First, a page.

Saturday, 13 November 2010

Let's just get this over with.

The 80's was really the big break for games as companies like Apple and Microsoft began their development of superior computers allowing for more intricate games to be developed like Wasteland, a game produced by Interplay Productions and published by EA Games in 1988 (then known as Electronic Arts).

Due to the high demand for home computers in the mid 70's, seeing one in a house was common come the 80's and so more and more games were created to facilitate this new hunger for entertainment in the household. Capital idea!

The Commodore 64 (1982) was one of the first, giving access to hundreds of games at an affordable price. A year later the very first Apple Mac was released which, unlike Apple's other products at the time, was less expensive.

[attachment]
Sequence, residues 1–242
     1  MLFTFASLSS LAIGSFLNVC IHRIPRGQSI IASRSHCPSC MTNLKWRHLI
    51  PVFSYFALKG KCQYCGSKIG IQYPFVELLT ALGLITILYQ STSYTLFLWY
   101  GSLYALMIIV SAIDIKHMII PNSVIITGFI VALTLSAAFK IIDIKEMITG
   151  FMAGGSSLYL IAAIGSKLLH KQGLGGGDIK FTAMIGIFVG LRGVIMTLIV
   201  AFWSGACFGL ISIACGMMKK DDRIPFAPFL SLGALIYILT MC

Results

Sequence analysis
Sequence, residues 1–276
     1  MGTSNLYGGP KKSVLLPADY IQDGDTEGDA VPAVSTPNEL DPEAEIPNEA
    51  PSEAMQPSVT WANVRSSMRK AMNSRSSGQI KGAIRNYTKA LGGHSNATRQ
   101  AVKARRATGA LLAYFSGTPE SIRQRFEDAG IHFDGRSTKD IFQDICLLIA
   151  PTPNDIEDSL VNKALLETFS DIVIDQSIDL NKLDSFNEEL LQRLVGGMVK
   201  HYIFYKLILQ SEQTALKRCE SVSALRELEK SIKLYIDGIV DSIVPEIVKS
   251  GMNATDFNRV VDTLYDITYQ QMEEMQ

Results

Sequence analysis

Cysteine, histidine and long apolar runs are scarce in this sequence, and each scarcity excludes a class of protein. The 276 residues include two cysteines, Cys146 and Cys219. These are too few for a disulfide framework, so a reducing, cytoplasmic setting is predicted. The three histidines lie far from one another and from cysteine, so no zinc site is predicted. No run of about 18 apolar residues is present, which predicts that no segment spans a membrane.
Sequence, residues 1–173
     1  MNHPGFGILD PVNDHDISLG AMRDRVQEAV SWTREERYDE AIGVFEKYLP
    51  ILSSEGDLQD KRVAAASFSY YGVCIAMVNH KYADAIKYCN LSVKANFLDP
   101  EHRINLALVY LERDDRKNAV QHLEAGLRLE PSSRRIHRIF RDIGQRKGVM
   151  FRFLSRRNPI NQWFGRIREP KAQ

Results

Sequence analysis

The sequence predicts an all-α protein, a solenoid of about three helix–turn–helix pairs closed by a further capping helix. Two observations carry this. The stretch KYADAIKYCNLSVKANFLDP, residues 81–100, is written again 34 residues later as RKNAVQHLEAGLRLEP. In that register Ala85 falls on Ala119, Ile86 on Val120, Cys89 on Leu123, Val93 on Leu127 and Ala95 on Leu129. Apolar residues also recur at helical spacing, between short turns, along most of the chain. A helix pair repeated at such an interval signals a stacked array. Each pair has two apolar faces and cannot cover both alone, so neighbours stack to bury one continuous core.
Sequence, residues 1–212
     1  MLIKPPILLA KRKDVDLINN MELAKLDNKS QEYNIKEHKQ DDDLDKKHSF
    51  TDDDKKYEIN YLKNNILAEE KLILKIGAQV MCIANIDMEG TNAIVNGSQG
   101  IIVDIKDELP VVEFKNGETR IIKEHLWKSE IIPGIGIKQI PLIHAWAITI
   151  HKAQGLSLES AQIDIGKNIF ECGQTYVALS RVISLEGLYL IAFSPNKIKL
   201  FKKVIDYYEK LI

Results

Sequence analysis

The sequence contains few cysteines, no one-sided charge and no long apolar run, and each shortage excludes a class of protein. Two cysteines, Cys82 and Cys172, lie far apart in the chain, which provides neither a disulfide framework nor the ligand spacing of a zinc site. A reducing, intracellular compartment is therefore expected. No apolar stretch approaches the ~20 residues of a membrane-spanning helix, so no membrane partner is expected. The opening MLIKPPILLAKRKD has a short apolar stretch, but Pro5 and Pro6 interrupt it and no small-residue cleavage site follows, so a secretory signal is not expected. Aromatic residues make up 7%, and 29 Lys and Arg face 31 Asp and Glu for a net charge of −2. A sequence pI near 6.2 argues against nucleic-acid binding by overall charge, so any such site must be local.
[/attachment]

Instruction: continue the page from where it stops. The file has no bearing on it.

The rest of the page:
The reason the 80's was the big break for games wasn't just because of the progress computers had made since the 70's, no, for it was then that all the genres of today’s games spawned; RPGs, sims, racing, war and adventure (labelled then as 'interactive fiction'). However it was only at the end of the decade that the text based play-style was dropped and replaced by the recently refined mouse, allowing for the use of graphical interfaces (GUI).

Therefore it is this I see as one of the most prominent developments throughout this decade, to go from typing in commands to merely clicking. As games were becoming more detailed and intricate, so to were the microchips behind it all, naturally. As such, the development of the microchip from the 70's throughout the 80's was significant in the progress of games as this not allowed for more powerful machines, but smaller ones as well.

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